Soldiers of the AIF were among the highest paid of the war.  The pay for a private was set at five shillings a day, while an additional shilling was deferred to be paid on discharge.  As a result, the AIF earned the sobriquet "six bob a day tourists".  Married men were required to allot two shillings a day for their dependents however, a separation allowance was added in 1915.  Reflecting the progressive nature of Australian industrial and social policy of the era, this rate of pay was intended to be equal to that of the average worker (after including rations and accommodation) and higher than that of soldiers in the Militia.    In contrast, New Zealand soldiers received five shillings, while British infantrymen were initially only paid one shilling, although this was later increased to three.  Junior officers in the AIF were also paid at a rate higher than those in the British Army, although senior officers were paid considerably less than their counterparts. 
In the early stages of the AIF's formation, prior to Gallipoli, training was rudimentary and performed mainly at unit-level. There were no formal schools and volunteers proceeded straight from recruiting stations to their assigned units, which were still in the process of being established. Upon arrival, in makeshift camps the recruits received basic training in drill and musketry from officers and non-commissioned officers, who were not trained instructors and had been appointed mainly because they had previous service in the part-time forces.  Camps were established in every state including at Enoggera (Queensland), Liverpool (New South Wales), Broadmeadows (Victoria), Brighton (Tasmania), Morphettville (South Australia) and Blackboy Hill (Western Australia).  In some units this training took place over a period of six to eight weeks, although others—such as the 5th Battalion—spent as little as one day on live firing before departing for overseas. Following the embarkation of the initial force to the Middle East, further training was undertaken in the desert. This was more organised than the training provided in Australia, but was still quite rushed. Individual training was consolidated but progressed quickly into collective training at battalion and brigade-level. Training exercises, marches, drill and musketry practices followed but the standard of the exercises was limited and they lacked realism, meaning that commanders did not benefit from handling their troops under battlefield conditions.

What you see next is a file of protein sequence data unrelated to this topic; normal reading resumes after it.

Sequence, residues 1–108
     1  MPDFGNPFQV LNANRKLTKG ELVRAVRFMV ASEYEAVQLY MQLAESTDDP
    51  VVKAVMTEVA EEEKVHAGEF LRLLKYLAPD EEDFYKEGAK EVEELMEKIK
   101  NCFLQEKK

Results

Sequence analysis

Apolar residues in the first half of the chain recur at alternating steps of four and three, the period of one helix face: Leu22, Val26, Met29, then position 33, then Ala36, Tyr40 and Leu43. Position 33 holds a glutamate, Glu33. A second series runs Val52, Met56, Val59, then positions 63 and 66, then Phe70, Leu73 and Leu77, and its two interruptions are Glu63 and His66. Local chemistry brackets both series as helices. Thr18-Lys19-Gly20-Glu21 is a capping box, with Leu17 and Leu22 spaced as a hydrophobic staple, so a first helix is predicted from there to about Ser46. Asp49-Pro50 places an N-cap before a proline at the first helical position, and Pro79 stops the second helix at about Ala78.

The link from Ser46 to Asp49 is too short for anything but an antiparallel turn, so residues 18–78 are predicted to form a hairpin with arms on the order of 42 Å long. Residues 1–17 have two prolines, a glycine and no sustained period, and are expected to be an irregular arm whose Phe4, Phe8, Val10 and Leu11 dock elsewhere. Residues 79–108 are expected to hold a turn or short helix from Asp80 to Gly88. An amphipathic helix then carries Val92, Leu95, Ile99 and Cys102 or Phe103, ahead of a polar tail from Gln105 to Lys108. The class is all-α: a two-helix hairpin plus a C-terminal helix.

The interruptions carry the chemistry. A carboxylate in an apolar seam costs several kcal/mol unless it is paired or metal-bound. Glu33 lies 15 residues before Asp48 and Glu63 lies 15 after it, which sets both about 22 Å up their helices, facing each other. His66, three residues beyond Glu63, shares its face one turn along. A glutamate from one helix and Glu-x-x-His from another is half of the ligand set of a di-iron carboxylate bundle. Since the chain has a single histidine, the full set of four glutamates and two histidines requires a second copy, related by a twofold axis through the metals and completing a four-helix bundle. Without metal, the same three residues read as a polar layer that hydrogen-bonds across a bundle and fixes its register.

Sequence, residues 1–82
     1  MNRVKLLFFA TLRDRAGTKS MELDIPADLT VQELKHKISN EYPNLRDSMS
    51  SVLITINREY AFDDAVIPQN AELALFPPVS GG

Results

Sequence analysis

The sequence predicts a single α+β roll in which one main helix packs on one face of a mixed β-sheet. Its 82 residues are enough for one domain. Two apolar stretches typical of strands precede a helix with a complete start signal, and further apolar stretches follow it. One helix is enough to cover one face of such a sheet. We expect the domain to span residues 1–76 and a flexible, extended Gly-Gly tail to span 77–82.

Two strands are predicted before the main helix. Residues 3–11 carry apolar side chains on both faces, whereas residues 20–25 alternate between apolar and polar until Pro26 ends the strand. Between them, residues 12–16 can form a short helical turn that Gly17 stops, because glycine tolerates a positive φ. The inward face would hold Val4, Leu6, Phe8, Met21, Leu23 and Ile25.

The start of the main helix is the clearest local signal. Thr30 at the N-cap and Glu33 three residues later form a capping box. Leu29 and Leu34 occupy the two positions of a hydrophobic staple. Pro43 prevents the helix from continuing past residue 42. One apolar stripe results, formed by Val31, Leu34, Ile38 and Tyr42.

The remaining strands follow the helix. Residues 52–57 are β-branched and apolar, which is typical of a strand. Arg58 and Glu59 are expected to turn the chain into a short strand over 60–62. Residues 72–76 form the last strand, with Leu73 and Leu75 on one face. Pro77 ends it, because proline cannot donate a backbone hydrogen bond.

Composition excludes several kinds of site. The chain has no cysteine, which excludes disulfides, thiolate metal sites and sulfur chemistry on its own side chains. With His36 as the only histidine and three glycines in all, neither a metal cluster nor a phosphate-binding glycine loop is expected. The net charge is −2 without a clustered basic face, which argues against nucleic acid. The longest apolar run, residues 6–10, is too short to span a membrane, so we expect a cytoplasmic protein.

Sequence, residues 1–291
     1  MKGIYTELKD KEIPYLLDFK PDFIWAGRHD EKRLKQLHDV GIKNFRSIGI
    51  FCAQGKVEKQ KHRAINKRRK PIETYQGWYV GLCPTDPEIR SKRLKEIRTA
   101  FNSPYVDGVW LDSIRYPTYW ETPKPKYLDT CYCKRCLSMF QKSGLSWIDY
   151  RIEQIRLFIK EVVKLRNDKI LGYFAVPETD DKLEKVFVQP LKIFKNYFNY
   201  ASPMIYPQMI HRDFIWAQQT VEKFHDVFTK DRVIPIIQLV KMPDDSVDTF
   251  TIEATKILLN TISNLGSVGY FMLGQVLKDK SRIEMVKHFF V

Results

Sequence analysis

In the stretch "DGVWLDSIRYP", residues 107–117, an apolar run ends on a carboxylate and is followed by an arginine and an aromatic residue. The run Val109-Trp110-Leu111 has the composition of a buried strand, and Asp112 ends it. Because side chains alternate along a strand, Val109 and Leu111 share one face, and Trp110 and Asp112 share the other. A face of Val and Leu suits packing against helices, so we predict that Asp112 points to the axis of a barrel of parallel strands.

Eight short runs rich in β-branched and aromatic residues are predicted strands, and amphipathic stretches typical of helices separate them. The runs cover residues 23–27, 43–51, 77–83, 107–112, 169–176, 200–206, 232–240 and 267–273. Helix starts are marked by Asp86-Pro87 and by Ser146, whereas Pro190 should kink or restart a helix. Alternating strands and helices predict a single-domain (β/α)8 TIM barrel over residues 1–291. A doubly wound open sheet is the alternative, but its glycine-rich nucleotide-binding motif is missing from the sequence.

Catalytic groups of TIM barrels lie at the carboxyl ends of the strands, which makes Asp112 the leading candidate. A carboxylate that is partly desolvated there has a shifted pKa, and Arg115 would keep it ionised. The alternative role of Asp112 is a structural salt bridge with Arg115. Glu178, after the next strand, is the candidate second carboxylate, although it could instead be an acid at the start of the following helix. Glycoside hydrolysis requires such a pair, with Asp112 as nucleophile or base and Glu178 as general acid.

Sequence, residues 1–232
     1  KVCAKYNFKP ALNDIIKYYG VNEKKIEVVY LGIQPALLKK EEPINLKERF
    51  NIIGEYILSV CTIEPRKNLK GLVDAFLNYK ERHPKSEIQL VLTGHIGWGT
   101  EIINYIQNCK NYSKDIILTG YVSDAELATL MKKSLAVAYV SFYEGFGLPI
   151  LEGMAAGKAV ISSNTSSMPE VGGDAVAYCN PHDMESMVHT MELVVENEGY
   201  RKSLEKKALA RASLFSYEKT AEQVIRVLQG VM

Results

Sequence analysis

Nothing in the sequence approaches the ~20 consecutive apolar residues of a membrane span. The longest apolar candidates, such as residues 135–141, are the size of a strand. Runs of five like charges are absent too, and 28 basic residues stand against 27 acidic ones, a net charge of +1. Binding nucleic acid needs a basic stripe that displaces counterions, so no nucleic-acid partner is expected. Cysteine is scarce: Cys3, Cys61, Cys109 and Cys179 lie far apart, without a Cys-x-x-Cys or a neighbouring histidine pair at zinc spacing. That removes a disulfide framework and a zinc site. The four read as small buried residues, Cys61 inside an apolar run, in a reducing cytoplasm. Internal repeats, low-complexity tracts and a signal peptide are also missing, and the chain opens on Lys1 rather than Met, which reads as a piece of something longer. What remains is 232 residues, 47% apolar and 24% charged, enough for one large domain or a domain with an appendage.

Some soldiers had received training through the compulsory training scheme that had been established in 1911, while others had served as volunteers in the part-time forces before the war or as members of the British Army, but their numbers were limited and in many cases the quality of the training they had received was also limited. The original intention had been that half the initial intake would consist of soldiers that were currently serving in the Militia, but ultimately this did not come to fruition and while about 8,000 of the original intake had some prior military experience, either through compulsory training or as volunteers, over 6,000 had none at all.  In terms of officers, the situation was better. For example, within the 1st Division, of its initial 631 officers, 607 had had previous military experience. This was largely through service in the pre-war militia, though, where there had been little to no formal officer training. In addition, there was a small cadre of junior officers who had been trained for the permanent force at the Royal Military College, Duntroon,  but their numbers were very small and at the outbreak of the war the first class had to be graduated early in order for them to join the AIF, being placed mainly in staff positions.  Other than small numbers of Duntroon graduates, from January 1915 the only means to be commissioned into the AIF was from the ranks of enlisted personnel.  As a result, by 1918 the majority of company and battalion commanders had risen from the ranks.  While the AIF's initial senior officers had been members of the pre-war military, few had any substantial experience in managing brigade-sized or larger units in the field as training exercises on this scale had been rarely conducted before the outbreak of hostilities. This inexperience contributed to tactical mistakes and avoidable casualties during the Gallipoli campaign.